A very brief look at last night’s primary results:
Posts Tagged ‘David Dewhurst’
Most people were expecting to see a David Dewhurst-Dan Patrick runoff for Lt. Governor. however, you’d be hard=pressed to find anyone who would predict that not only would Patrick garner more votes in the primary than Dewhurst, but also do so by a significant margin. Right now, with 59% of the vote in, Patrick is ahead of Dewhurst by over 100,000 votes, garnering 41.8 of the vote, while Dewhurst is getting 28.3%.
People we’re saying that Patrick was lucky Jerry Patterson and Todd Staples were the race, ensuring a runoff. Now it appears that Dewhurst should be thankful they’re keeping Dan Patrick from winning outright…
Friday night, I was finally able to get an interview with Texas Land Commissioner and Lt. Governor candidate Jerry Patterson, which I’d been meaning to do for quite a while. Below is a pretty close transcription of the interview (or as close as I could make it with my 45 words-a-minute fingers).
Lawrence Person: What do you see as current Lt. Governor David Dewhurst’s biggest mistakes in office?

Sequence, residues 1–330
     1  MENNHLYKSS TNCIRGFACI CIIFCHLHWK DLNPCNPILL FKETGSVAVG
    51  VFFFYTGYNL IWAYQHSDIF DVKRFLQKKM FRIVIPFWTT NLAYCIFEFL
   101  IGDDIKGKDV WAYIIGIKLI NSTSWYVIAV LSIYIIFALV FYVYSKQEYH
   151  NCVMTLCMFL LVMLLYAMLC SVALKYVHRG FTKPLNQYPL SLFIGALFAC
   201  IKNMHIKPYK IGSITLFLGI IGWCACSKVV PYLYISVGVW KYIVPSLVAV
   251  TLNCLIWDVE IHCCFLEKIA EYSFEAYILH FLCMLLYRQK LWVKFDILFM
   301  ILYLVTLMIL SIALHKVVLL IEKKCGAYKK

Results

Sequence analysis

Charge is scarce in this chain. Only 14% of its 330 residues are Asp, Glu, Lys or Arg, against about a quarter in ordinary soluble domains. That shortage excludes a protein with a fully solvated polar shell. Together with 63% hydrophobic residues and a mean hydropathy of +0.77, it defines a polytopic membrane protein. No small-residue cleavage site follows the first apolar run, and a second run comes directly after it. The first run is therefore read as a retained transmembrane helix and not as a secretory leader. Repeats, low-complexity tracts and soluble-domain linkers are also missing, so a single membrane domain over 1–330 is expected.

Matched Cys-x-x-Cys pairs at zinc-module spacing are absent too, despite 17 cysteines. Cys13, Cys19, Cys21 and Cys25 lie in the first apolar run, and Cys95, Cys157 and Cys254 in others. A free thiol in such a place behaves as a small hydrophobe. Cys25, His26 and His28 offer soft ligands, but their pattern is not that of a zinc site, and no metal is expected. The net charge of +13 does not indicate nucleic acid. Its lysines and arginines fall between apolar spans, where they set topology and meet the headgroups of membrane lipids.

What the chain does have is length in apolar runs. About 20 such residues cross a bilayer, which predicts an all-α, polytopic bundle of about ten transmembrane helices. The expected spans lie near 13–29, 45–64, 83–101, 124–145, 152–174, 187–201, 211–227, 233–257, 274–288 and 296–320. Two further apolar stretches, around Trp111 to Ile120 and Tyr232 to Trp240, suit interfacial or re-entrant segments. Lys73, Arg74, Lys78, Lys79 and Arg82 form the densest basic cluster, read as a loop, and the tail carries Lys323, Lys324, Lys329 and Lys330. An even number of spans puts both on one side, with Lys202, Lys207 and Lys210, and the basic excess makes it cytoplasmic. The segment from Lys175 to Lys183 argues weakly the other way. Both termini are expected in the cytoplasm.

Jerry Patterson: His biggest mistake is not a mistake but a shortcoming, that being having no ability to lead and motivate both voters and members of the senate. We all make mistakes, but shortcomings are more serious than mistakes.
Lawrence Person: Likewise, what qualities or policies do you think separate you from Dan Patrick and Todd Staples?
Jerry Patterson: Policy-wise, there’s very little difference. Between me and Dan, my story is not going to change from day to day and venue to venue. I feel no compulsion to tell you what I think you want to hear to like me.
As for Todd, I’m a little more of a risk-taker, I’m bolder, and I’m less consultant-driven.
Lawrence Person: What, if any, procedural changes would you make in running the Texas state senate?
Jerry Patterson: The first thing I’m going to do is roll the tape of the evening Wendy Davis carried out her filibuster, and make sure all the Democrats who helped encourage that riot are not in charge of committees.
I will also make it easier for the Lt. Governor to recommit bills from one committee to another.
Lawrence Person: The Lt. Governor has tremendous influence over the composition of the Legislative Budget Board. What specific background and qualities would you seek in those you would appoint to the board?
Jerry Patterson: They need to be fiscal conservatives, and they need to be resistant to those who blow smoke into places you don’t usually see it, and they need to have those qualities on a consistent basis.
Lawrence Person: How did the Concealed Handgun bill come about, and how hard was getting that passed?